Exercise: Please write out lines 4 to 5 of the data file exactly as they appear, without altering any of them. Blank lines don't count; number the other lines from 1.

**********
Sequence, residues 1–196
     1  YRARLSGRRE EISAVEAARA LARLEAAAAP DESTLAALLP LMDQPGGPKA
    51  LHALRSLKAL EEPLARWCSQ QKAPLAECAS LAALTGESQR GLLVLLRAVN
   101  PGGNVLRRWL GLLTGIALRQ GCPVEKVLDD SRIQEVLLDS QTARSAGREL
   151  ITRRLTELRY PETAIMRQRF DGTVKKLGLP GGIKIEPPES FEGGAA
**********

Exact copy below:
   101  PGGNVLRRWL GLLTGIALRQ GCPVEKVLDD SRIQEVLLDS QTARSAGREL
   151  ITRRLTELRY PETAIMRQRF DGTVKKLGLP GGIKIEPPES FEGGAA